My question to Hank was that given that we need more than just a handful of model cities, and must affect real change in every city, does he experience the same thing, and does he have any advice he can share?
Hank gave a very good answer, noting among things the need for persuasiveness and repetition, and a "thick skin" as we continue to challenge such excuses - but I was most surprised when Prince Charles in his eventual remarks, picked up on the theme and ran with it.
Starting his general comments with the suggestion that he'd "been thinking about the remarks made by your head planner", the Prince recalled how often he'd been told that the organic farming he undertakes on his own land holdings could never happen "in our County" by others, because of different soils, practices and so on. After sharing other such examples, he went on to say that he's encouraged that ideas that were seen as radical decades ago are starting to take root. The excuses are giving way, gradually. Our continued challenge, he said, is in trying to raise awareness of these issues. He added that 20 years ago, when he started promoting the benefit of communities featuring narrow streets designed for pedestrians rather than vehicles, the idea was considered "controversial" and surely couldn't be done in most places.
Similarly, he recalled proposing the idea that social housing be built next to private homes to achieve socially balanced communities, only to have guests at dinner parties scoff at it.
"People must be provided with an alternative vision," he said. "We need to promote the story of local identity and culture, and avoid promoting a mono-culture development."
"We need to rediscover our intimate connection with nature, and think about nature's and community's capital and how we live with it, rather than just financial capital," he said. "This is particularly important at a time when the world is facing so many enormous challenges over climate change and environmental crises of one kind or another."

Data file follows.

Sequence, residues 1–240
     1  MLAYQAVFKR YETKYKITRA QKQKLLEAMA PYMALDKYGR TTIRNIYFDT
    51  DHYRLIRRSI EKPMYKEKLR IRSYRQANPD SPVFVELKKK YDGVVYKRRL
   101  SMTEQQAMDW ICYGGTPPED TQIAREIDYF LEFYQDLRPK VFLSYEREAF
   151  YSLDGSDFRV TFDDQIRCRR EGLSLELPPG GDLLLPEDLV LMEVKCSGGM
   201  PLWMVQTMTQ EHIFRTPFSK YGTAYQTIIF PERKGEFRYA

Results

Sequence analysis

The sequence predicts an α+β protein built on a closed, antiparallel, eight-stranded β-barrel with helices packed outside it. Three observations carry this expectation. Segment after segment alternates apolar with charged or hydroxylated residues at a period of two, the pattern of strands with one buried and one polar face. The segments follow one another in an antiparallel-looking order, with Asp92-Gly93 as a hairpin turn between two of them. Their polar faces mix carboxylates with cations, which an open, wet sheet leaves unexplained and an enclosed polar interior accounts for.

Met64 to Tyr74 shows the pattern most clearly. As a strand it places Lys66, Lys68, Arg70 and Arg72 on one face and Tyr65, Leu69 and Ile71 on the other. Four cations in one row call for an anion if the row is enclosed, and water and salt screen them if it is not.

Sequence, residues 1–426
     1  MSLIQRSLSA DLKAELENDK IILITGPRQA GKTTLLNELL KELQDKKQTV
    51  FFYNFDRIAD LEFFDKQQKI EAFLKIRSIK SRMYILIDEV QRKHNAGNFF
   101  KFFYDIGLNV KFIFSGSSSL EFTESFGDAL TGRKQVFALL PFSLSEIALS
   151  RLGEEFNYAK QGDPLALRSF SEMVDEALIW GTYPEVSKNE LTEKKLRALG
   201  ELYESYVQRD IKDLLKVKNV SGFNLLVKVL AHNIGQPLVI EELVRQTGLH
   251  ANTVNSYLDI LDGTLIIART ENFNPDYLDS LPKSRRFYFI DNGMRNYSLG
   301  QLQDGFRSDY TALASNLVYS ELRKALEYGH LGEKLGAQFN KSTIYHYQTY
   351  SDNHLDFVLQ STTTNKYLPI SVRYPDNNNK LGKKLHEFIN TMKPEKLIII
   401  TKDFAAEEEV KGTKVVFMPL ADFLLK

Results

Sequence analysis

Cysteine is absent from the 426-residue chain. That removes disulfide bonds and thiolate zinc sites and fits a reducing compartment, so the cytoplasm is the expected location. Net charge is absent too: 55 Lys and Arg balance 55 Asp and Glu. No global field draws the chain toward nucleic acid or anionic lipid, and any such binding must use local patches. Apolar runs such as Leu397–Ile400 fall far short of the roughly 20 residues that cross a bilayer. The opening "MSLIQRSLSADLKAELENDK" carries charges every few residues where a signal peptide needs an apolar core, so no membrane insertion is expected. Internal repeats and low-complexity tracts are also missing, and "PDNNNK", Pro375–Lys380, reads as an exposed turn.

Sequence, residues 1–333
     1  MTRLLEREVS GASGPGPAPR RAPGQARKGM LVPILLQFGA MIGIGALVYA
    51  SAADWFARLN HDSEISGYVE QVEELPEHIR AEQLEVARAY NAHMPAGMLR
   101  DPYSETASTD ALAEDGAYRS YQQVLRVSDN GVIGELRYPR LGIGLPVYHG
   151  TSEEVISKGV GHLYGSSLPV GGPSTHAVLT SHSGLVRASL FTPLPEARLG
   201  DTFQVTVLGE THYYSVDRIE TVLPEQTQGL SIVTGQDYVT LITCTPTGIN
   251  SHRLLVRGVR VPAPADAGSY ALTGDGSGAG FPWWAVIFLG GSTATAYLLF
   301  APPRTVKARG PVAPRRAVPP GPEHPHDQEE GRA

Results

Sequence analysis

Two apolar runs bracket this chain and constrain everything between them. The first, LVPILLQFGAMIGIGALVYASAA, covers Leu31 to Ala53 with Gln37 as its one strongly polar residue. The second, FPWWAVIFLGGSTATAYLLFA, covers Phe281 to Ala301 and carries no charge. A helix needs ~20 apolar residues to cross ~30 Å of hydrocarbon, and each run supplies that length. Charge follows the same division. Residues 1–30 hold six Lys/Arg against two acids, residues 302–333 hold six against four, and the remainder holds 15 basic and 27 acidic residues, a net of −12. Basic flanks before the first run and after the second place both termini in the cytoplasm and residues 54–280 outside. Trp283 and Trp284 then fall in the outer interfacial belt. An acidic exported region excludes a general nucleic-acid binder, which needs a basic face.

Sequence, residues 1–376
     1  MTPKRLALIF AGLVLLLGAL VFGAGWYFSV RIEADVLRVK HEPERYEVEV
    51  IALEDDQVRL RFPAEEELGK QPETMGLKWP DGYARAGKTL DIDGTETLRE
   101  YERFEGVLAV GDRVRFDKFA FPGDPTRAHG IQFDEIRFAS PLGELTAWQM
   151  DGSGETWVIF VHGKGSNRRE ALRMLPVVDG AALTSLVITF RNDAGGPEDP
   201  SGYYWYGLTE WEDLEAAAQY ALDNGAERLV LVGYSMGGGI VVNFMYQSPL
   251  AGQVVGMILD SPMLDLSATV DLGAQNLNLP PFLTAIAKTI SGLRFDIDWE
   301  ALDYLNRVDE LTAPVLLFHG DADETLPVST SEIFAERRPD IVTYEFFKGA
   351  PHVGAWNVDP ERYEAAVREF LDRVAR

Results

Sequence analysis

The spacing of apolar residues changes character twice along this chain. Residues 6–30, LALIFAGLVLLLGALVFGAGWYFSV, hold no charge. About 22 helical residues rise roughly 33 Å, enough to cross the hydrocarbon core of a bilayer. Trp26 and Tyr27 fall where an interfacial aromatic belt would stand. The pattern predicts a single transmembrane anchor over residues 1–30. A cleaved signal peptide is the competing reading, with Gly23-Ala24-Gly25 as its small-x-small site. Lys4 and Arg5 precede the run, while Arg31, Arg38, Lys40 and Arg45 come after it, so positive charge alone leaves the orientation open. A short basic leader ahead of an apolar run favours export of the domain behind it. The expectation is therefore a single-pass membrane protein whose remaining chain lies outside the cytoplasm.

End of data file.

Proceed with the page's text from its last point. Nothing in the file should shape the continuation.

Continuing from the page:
After many more comments, he concluded by showing his enthusiasm for the new partnership between SFU and his Foundation - "I'm thrilled this collaboration will go ahead if I haven't ruined it all together with my remarks today," he concluded to friendly laughter.
In all, it was a very interesting day, with a certain thrill in having the Prince engage somewhat directly with the group and the content of the discussion rather than simply reciting a form speech.
I noted with interest that both the Prince and Hank stayed away from two aspects of Vancouver urbanism that have generated some debate within the Foundation and CNU our willingness to entertain well designed taller buildings if the ground plain and lower portions are handled well, and our tendency to embrace contemporary design over traditional or neo-traditional styles. The fact that the Foundation sees Vancouver as a partner and model, suggests we are moving away from such positioning around style and other dogma, to a focus on sustainable performance - a very good thing.
My congratulations again to the local panel speakers for their great urban initiatives, and to SFU for their creativity and leadership in forming this powerful partnership with the foundation.
As for the culture of excuse and those 8 powerful words, I'm reminded of the words of another influential global urbanist, Jaime Lerner. The former mayor of Curitiba Brazil loves to say that any city in the world can fundamentally change itself within two years. The key - choosing energy over excuse.